“Well I have done well with not drinking and working the steps has keep me sober for sixteen months. But succumbed to cigarettes when I found myself hanging with sober people who almost all seemed to smoke. I didn’t smoke before I joined AA….”

Dime, An AA, commenting in the nicotine addiction forum at Sober Recovery.

 

OK, let’s try and follow this thread from Sober Recovery properly. “Dime” quits drinking in AA, with the help of his higher power™ and his chain-smoking sponsor. But he then starts a smoking habit with the help of his sponsor and peers in recovery, and he is now addicted. Now Dime wishes to quit smoking, and as luck would have it, he has to go no farther than the forum next door – where he is told his keys to quitting are in the hands of his chain-smoking sponsor, and his higher power™ who was so busy with his drinking problem that He/She/It neglected to keep him from getting addicted to nicotine in the first place. Here is Tony B’s sage piece of advice:

“Believe it or not…. Sponsor is the first place to start. He’ll keep you grounded in all this. Once you have a plan, then it’s all up to your HP to make it a reality.”

Hmmmmmmmmm….

Quote of the Day

“In A.A. we do not tell anyone to do anything….”

– From AA’s website.

Rigorous Truth* in Duluth

A year and a half a ago, Julie Gronski was driving home drunk from a Halloween party, slammed into a couple of people walking along the side of the road, and took off. Her claim was that she thought she hit a deer, and didn’t feel the need to stop. This makes a hell-of-a-lotta sense because, who ever stops after hitting a deer to check on the condition of their car, or the welfare of the deer? I’m not sure what her excuse was for not reporting the accident for four days after sobering up, and for never turning herself in to police, only to get arrested for the hit-and-run after others tipped off the police.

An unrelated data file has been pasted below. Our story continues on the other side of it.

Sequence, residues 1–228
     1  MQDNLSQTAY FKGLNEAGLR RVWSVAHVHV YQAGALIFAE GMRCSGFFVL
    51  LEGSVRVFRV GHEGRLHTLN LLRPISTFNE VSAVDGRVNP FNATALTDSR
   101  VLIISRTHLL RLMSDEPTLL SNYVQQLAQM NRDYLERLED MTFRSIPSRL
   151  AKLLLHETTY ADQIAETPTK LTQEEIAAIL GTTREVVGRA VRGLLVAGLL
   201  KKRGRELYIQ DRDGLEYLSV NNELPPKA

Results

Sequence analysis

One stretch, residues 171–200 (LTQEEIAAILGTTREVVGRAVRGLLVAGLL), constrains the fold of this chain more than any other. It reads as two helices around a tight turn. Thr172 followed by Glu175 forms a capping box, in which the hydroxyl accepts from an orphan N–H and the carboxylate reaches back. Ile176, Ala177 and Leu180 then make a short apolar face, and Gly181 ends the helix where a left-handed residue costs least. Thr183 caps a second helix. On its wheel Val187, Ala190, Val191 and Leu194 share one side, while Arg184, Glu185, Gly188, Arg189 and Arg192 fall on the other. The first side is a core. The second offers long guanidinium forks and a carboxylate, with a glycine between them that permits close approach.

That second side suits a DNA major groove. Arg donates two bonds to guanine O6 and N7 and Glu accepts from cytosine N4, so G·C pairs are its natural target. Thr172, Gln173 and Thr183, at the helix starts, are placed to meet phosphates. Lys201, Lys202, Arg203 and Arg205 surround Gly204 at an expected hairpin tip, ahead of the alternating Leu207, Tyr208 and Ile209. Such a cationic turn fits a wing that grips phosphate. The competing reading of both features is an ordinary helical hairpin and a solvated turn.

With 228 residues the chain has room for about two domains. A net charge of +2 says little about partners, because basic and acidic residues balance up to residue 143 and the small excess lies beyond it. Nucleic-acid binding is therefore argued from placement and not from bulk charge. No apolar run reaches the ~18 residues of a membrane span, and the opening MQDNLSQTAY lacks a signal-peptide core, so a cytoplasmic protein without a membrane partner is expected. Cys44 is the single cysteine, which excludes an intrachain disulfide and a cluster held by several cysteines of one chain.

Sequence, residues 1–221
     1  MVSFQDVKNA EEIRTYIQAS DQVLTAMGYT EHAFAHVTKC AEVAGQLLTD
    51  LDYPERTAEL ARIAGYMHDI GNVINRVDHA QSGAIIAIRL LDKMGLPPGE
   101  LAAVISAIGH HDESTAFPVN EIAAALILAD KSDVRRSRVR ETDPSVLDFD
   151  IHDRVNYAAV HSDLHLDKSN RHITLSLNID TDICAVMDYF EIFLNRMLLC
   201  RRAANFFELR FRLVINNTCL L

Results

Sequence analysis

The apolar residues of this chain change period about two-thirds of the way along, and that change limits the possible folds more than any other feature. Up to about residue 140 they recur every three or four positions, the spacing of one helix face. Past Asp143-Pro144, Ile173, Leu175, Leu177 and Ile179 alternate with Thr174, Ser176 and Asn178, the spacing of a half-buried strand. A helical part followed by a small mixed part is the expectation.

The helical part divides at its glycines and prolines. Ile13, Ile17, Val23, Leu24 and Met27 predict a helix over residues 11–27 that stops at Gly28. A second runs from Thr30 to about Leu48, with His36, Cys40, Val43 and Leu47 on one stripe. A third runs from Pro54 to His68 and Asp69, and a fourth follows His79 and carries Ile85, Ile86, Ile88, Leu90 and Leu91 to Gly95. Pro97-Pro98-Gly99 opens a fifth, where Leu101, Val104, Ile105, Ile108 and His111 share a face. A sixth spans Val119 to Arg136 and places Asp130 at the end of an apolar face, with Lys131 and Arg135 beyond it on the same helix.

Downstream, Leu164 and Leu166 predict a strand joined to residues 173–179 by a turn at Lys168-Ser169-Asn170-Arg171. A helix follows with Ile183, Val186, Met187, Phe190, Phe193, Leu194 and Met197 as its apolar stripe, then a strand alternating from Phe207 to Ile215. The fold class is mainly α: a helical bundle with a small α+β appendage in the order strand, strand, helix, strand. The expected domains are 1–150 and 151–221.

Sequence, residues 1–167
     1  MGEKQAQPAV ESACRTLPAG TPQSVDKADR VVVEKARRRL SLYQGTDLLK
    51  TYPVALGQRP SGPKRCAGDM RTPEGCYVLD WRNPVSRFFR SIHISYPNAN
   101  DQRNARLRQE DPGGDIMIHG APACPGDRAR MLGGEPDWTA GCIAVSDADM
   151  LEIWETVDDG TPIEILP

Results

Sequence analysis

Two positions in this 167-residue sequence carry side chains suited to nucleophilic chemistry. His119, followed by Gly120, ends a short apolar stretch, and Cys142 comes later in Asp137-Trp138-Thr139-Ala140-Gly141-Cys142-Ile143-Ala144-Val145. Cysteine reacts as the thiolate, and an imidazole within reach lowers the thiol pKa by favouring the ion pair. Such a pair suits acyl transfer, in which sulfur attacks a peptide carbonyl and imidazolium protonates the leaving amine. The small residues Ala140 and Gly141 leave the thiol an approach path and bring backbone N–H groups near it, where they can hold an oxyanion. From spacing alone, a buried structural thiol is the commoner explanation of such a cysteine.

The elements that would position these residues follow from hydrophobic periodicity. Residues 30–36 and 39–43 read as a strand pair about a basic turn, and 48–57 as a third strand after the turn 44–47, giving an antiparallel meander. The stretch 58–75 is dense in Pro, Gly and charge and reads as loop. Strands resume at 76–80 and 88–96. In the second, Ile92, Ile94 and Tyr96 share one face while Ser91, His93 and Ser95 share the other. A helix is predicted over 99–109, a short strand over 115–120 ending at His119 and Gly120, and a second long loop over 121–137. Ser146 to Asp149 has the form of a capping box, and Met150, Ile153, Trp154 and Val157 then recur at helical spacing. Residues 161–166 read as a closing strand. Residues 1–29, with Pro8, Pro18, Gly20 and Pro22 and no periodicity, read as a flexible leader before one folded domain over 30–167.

Naturally, she managed to plea her way down to some community service and coerced membership into Alcoholics Anonymous. Earlier this week, Julie was cited for speeding on her way to an AA meeting, and also slapped with a charge of driving under a suspended license. In a fit of rigorous honesty™, she claimed ignorance to the fact that her license was suspended. Now she is using her involvement in AA, and the fact that she is now a sponsor who was simply shuttling her pigeons to and fro, as reason to cut her some slack. From her attorney:

He said Gronski was being a good Samaritan when she got a call saying that three people she knew needed a ride to their Alcoholics Anonymous meeting. She borrowed her father’s car and got pulled over by police for speeding.

“Her whole life now is doing community service,” Malban said. “She’s attending Alcoholics Anonymous meetings and sponsoring a couple of others in A.A. She does buses and gets rides everywhere. The only reason she was driving this time was to get others to A.A. She borrowed her father’s car. … They have to prove that violation of probation was an intentional and inexcusable act.”

So, if she was unaware that her license was suspended, why would she suddenly start taking the bus and get rides everywhere she goes (except of course, for this single altruistic carpooling act)? Her explanation doesn’t sound very honest to me; but it does sound rigorously honest™.

Duluth hit-and-run driver accused of speeding to AA meeting

* Rigorous Truth – akin to truthiness; the truth as seen through the lens of AA; kind of the truth.

Harvie’s Wallbanger

Harvie Morrow is not much on traditions. Especially the 11th tradition of AA, which in a fit of rigorous honesty™, he has decided does not apply to him. Here is a puff piece in The Marlborough Express in New Zealand, where Harvie poses for picture of him pouring a cup of tea, and describes how it only took ten years for AA God™ to finally stop jacking with him and give him the serenity needed to put down that cocktail. Of course, it’s just for one day at a time, and only as long as you attend meetings:

“I’ve been coming for 25 years and, of course, initially I had some ups and downs, but the last 15 years have been plain sailing,” said a smiling Harvie, who underlined the importance of regular attendance at meetings.